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COVID-19: Spain to trial four-day working week in bid to prevent new coronavirus outbreaks


Spain is planning to use €50m (£43m) in EU funds to cut its working week to four days in a bid to prevent further coronavirus outbreaks.

The experiment is set to last for three years and will be funded by money from the European Union’s massive COVID-19 recovery fund.

The money will compensate some 200 mid-size companies as they resize their workforce or reorganise production workflows to adapt to a 32-hour working week.

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It will go towards subsidising all of the employers’ extra costs in the first year of the trial and then reduce the government’s aid to 50% and 25% each consecutive year.

Hector Tejero, a legislator with Mas Pais progressive party which is behind the initiative, denied it was using EU money for Spaniards to work less.

Mr Tejero said: “It’s not using the European funds for Spaniards to work less – it’s about seeing how we can improve productivity and competitiveness of our companies.”

News of the planned scheme comes on the day 5,000 music lovers are set to attend a rock concert in Barcelona in an experiment to see how effective mass testing is.

Concert-goers are tested for COVID-19 ahead of a 5,000-strong audience at a concert in Barcelona
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Concert-goers are tested for COVID-19 ahead of a 5,000-strong audience at a gig in Barcelona

The concert-goers will need to pass a same-day quick antigen COVID-19 screening test, before they can go to the event on Saturday evening.

The show by Spanish rock group Love of Lesbian has the special permission of Spanish health authorities who want to analyse the effectiveness of same-day testing in preventing outbreaks of the virus at large cultural events.

While the rest of the country is limited to gatherings of no more than four people in closed spaces, the concertgoers will be able to mix freely, although face masks are mandatory.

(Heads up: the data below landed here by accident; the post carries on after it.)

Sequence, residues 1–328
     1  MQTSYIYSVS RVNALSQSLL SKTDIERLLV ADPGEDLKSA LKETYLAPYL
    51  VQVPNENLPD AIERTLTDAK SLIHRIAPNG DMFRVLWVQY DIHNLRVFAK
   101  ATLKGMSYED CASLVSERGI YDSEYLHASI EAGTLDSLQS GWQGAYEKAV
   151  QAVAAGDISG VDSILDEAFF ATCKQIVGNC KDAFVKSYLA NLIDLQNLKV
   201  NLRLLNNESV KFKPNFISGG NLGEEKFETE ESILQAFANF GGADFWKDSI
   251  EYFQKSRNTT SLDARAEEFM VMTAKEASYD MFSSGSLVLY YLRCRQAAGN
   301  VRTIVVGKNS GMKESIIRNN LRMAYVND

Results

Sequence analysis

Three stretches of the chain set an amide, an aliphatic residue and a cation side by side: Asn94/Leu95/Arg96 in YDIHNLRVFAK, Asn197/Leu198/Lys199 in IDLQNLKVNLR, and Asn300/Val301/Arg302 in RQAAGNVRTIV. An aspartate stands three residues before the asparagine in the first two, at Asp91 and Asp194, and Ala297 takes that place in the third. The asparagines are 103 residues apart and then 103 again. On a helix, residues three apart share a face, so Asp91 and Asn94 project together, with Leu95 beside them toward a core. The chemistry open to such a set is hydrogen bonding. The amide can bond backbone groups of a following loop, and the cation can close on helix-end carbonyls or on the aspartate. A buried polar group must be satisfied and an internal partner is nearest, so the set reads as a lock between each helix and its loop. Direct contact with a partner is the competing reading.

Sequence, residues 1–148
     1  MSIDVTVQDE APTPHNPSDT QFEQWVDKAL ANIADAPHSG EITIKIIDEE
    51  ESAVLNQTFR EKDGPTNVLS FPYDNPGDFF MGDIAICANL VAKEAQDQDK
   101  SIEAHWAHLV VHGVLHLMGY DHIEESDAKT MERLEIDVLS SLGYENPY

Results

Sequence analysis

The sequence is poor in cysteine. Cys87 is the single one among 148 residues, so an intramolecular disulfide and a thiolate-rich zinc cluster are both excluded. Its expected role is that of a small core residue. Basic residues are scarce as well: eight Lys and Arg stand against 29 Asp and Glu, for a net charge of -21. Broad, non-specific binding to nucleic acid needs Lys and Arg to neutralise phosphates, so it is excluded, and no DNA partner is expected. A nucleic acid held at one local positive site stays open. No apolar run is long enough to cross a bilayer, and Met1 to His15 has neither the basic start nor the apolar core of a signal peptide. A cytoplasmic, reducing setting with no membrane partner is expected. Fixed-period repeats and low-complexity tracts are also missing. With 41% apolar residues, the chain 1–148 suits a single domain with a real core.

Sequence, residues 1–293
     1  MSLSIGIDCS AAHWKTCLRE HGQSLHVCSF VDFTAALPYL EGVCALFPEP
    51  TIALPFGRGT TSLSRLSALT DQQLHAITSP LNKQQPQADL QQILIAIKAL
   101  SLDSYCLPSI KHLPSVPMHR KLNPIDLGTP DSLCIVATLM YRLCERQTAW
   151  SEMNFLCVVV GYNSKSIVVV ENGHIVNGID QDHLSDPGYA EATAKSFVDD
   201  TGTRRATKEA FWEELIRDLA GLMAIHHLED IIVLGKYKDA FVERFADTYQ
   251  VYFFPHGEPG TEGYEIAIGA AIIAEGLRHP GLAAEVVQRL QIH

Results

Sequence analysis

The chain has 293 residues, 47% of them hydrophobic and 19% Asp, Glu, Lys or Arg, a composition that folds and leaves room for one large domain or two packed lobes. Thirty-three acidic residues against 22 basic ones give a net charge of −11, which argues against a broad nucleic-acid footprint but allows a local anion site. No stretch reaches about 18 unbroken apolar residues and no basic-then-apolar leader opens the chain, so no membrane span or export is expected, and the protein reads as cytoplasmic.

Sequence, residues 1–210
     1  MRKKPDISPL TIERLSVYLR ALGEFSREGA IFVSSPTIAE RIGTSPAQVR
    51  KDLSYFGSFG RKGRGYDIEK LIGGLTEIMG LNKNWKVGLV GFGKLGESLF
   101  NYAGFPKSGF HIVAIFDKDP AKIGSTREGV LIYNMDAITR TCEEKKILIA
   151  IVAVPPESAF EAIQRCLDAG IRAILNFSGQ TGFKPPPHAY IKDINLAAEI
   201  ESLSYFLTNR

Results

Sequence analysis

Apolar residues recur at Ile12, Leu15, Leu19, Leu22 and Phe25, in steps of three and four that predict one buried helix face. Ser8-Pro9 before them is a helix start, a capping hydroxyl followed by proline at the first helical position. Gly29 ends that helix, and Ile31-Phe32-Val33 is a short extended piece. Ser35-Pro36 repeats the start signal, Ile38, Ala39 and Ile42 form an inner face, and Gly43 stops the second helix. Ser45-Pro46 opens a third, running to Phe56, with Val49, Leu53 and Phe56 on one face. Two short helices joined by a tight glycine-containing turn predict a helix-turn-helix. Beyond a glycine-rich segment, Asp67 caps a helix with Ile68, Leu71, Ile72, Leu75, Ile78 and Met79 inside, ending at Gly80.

People with heart disease, cancer, or those who have been in contact with someone infected by COVID-19 in recent weeks were asked not to sign up.

The show is sold out. The tickets, ranging from €23 to €28 (£20 to £24), include the cost of the test and the high-quality face mask that is obligatory except when eating or drinking at designated areas.

The concert is backed by local authorities and by experts of Barcelona’s The Fight AIDS and Infectious Diseases Foundation, which also organised a case study around a smaller concert of 500 people in December.

They said results of that preliminary case study showed pre-screening with antigen tests and the use of face masks succeeded in preventing infections inside the concert despite there being no social distancing rules.

The two experiments have been devised in an effort to boost the Spanish economy.

Commuters wear protective face masks wait on a platform at Atocha train station in Madrid
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Spain saw a 10.8% GDP contraction last year

Arguments in favour of a mass shift to a three-day weekend say it would lead to more consumption, especially in entertainment and tourism, a backbone of the Spanish economy.

Reducing work hours from 40 to 35 per week in 2017 would have resulted in a 1.5% GDP growth and 560,000 new jobs, a study published earlier this year in the Cambridge Journal of Economics found.

Salaries would have also increased nationally by 3.7%, especially benefiting women who more often take part-time jobs, the research said.

Software Delsol, in southern Spain, invested €400,000 (£343,000) last year to reduce working hours for its 190 employees and has since then reported a 28% reduction in absenteeism, with people choosing to go to the bank or see their doctor on their weekday off.

Their sales increased last year by 20% and no single employee has quit since the new schedule was adopted.

However, the scheme’s critics say a pandemic-shaken economy is not the best scenario for experiments.

With a 10.8% GDP contraction last year – its worst since the Civil War in the 1930s – Spain has suffered from intermittent lockdowns and the near-total freeze in international travel.

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Some experts argue the priority should instead be fixing the country’s dysfunctional labour market, which is dragging one of Europe’s highest unemployment rates and is marred by precarious, low-wage jobs.

Esade Business School’s Carlos Victoria also warned against the one-size-fits-all approach of the proposal.

“There are probably industries or economic areas in which a reduction of working hours won’t necessarily lead to productivity gains,” the economic policy researcher said.

But Mas Pais argues that it is best to try first and decide later on how to scale the scheme up – or to scrap it.

Still, not all unions are fully backing the plan. Conservatives have been defensive and CEOE, the main Spanish business association, has so far offered a lukewarm response to the project.

Nevertheless, at least half a dozen companies have already reached out expressing interest, according to Mr Tejero, who said the pilot will not be launched at least until September, when and if mass vaccination helps revive the economy.



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